This is the kind of activism we need. It’s not enough to be educated in one of the relevant scientific disciplines. You also have to learn to develop and leverage synergy with experts in other disciplines, especially media and politics, and that kind of cooperation doesn’t have to be limited to academic environments or wait until students so trained leave school. Working scientists, policy specialists, and journalists can follow the same model, forming teams to raise consciousness and influence policy.

Corporations can do the “green team” thing, too. Managing Green Teams: Environmental Change in Organisations and Networks, a book published in the UK (Edited by John Moxen and Peter A. Strachan; published by The Robert Gordon University, Aberdeen, UK; available through Amazon UK, describes “how environmental teams can trigger changes in core operations and integrate environmental concerns in business decision-making at every level in the organization.” There several projects involving green teams, in fact, a web search on the phrase via Google got over 1,400 hits. This is definitely and idea whose time has come.

Finally, there are obvious things we can all do to mitigate our impact on climate change. We can drive smaller cars, drive less, push for more and better forms of mass transit. We can plant trees (if 250 million of us planted four trees each, that would be a billion new trees sucking CO2 out of the air!)

And we can teach our kids environmental awareness, attention, and care… education and sane tradition are the best remedies.

And what do we do about George W. Bush? Pretty obvious…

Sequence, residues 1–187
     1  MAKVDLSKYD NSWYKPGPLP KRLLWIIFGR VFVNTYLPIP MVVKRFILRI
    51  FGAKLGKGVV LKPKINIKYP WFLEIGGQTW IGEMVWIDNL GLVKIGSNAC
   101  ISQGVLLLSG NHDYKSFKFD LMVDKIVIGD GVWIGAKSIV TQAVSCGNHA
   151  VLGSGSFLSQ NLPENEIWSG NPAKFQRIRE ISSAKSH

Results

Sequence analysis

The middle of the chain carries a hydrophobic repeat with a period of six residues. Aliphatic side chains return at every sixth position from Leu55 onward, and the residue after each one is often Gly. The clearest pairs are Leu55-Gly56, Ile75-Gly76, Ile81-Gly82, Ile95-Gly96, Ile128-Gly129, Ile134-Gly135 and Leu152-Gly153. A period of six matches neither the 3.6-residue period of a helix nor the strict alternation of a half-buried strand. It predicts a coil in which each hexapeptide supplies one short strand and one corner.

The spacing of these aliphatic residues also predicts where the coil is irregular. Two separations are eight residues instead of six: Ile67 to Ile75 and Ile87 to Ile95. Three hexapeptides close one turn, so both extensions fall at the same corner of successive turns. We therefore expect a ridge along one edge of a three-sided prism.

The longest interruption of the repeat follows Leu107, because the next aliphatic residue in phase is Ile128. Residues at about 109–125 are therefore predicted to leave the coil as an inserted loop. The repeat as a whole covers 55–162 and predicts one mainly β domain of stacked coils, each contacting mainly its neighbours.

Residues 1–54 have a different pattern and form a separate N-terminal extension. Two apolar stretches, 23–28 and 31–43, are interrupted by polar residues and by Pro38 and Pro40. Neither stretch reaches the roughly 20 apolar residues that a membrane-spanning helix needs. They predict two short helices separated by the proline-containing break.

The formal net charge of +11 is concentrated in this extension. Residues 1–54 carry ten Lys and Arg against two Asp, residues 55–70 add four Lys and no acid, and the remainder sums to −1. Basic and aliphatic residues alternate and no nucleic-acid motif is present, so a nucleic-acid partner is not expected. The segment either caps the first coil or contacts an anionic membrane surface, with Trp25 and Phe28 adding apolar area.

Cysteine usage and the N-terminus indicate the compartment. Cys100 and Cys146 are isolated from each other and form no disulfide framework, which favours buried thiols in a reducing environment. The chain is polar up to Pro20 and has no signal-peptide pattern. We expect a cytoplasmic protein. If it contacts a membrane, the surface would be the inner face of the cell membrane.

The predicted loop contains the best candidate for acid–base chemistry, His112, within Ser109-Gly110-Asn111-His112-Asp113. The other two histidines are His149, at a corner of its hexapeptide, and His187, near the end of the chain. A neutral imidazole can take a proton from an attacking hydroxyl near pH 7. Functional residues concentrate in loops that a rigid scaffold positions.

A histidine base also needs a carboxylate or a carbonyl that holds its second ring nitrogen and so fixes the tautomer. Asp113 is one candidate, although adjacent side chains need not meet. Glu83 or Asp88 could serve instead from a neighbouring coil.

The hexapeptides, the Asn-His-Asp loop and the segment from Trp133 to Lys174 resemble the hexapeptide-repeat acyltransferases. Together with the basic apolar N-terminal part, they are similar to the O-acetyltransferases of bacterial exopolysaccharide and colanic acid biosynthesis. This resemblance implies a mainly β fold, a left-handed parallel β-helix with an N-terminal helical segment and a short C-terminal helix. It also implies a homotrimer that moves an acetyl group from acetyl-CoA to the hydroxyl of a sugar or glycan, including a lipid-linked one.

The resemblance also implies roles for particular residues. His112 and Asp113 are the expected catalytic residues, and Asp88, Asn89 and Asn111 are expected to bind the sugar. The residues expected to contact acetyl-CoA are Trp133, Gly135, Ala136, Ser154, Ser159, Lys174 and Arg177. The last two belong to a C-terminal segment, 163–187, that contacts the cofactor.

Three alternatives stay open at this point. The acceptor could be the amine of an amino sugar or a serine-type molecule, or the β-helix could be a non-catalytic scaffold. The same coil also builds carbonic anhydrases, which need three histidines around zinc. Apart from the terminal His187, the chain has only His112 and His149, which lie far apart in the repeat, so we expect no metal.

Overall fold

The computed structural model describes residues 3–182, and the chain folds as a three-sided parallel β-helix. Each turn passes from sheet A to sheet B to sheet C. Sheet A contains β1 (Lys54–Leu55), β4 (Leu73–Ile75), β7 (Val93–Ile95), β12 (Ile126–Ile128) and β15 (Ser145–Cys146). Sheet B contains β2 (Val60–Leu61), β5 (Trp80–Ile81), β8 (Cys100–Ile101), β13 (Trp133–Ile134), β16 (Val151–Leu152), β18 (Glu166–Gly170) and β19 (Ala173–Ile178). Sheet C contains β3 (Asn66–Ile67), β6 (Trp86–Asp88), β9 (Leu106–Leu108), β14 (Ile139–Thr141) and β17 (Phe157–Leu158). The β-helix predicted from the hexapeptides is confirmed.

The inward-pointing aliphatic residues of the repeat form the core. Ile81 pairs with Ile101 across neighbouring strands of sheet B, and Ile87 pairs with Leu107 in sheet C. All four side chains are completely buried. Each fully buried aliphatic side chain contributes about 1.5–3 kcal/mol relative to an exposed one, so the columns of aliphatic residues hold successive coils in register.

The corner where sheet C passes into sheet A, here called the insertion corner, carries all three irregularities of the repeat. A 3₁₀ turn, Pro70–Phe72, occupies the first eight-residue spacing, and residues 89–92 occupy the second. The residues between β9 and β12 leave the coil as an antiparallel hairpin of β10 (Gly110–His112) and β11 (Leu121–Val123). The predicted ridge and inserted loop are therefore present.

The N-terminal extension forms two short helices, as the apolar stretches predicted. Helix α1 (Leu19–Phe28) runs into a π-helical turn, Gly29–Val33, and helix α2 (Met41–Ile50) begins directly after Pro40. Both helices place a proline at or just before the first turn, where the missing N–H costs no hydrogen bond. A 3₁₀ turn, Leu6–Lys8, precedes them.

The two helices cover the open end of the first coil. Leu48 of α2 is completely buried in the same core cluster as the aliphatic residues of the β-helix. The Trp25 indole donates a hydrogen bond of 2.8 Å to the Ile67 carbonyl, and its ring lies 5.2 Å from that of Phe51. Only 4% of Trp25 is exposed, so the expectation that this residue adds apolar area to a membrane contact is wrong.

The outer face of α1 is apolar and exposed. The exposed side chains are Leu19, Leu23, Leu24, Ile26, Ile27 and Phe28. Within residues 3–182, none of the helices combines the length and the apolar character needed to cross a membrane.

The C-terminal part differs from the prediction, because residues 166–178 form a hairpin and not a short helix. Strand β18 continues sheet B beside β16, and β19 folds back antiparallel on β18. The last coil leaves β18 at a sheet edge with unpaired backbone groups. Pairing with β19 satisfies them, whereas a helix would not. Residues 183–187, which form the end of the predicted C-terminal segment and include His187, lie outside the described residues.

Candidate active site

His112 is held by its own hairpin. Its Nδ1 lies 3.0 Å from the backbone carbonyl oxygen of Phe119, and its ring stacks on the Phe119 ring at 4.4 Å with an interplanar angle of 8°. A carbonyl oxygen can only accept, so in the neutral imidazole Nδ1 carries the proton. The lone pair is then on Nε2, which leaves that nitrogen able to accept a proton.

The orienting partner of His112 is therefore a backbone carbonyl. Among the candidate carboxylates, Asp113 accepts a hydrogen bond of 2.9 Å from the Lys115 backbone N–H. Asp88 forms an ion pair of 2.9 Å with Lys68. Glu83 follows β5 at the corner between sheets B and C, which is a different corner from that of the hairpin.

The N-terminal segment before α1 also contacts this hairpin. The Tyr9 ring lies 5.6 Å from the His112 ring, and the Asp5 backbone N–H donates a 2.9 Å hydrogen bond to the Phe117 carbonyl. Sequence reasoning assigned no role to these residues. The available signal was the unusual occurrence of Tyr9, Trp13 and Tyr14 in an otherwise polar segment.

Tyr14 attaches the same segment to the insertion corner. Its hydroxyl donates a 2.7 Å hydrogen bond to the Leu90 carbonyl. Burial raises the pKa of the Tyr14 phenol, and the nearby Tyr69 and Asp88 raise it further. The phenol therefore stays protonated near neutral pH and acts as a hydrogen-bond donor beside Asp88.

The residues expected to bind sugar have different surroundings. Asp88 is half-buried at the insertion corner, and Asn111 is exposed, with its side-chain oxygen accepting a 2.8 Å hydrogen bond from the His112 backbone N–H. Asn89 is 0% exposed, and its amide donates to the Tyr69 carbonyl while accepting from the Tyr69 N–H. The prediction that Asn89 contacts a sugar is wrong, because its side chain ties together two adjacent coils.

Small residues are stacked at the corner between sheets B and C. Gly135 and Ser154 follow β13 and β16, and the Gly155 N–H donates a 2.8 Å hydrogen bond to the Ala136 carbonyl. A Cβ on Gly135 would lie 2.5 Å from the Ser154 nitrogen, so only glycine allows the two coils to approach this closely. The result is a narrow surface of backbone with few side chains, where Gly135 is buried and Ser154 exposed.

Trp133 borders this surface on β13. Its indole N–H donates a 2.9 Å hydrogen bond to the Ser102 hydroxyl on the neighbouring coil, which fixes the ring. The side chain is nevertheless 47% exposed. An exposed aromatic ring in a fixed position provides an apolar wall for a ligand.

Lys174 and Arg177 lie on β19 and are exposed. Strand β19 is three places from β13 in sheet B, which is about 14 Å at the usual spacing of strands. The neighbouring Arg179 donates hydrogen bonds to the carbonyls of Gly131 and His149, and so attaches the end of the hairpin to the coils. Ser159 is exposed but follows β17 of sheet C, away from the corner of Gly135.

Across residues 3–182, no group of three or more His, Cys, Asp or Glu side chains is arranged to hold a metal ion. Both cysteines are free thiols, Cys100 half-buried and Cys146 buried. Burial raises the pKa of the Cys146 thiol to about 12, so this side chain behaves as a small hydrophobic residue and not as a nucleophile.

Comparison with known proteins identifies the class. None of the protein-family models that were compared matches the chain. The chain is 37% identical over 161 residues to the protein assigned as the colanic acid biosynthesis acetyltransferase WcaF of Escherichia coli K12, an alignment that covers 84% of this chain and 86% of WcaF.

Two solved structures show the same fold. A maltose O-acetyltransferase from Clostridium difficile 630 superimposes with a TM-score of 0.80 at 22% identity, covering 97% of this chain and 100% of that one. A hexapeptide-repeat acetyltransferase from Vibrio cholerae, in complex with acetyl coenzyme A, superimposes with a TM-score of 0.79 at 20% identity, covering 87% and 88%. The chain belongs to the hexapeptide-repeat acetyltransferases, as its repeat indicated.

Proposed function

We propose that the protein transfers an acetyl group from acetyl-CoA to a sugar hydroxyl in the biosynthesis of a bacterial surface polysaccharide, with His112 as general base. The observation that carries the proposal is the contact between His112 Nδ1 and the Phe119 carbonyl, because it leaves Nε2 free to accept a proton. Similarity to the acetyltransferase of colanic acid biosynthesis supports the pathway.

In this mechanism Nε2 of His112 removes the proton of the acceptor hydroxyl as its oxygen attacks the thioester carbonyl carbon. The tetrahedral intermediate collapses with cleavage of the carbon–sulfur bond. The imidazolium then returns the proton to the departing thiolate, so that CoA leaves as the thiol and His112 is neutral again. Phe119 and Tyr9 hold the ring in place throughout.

Write his mom a nice, long letter.

Jamais Cascio at Inkwell

Jamais Cascio
Jamais Cascio

Futurist Jamais Cascio is holding forth about scenarios, foresight, and climate change at Inkwell on the WELL. If you have comments or questions for the conversation, send to inkwell at

So here’s one of the nasty, generally unstated truths about climate disruption: by and large, the rich countries (the primary historical source of greenhouse gas emissions) will very likely weather climate disruptions much more readily than poor countries (historically *not* greenhouse powerhouses). This is in part due to geography — the equatorial region’s going to get hammered by global warming, and the closer-to-the-poles regions less so — but mostly due to money. The US, Europe, and Japan will be more able to afford to adapt than will China, India, or other up & coming developing nations. Australia is an exception on the geography side, and a test case in how well a rich nation can adapt.

At least in the near-medium term; left unchecked, climate disruption hoses everyone by the end of the century.

Your sense that the Pacific Northwest is one of the better places to go in the US is probably accurate. Not sure that Seattle itself is a good spot, simply due to how close it is to sea level. Portland’s a decent option, though.

Texas residents should pay close attention to what’s happening in Australia right now — that’s your likely (uncomfortably near) future.

As a general rule, you want to be further north and well above sea level. Storm systems in the western Atlantic seem to be getting charged by climate disruption more so than storms in the eastern Pacific, so you’ll probably want to be well away from the coastline in the US Northeast. Also, bear in mind that global warming means increased (a) energy in the atmosphere (driving storms) and (b) ability for the atmosphere to hold moisture, so winter storms will probably be bigger deals.

Europe’s problem is that most of the northern cities and regions aren’t accustomed to very hot summers, and don’t have the necessary infrastructure to withstand the heat (remember the heat wave that killed thousands in Europe a few years ago — they were by and large killed by the lack of air conditioning). That’s not impossible to fix. Power lines/stations that aren’t built for the heat may be a bigger issue.

To be clear, nobody gets a pass on the impacts of global warming. Water access, loss of farmland, internal population displacement*, novel pests & diseases will be big problems in the rich countries as well as the poor — it’s just that the US, etc., will have more resources to draw from to deal with these problems.

Worldchanging Interview with Jean Russell on Thrivability (2009)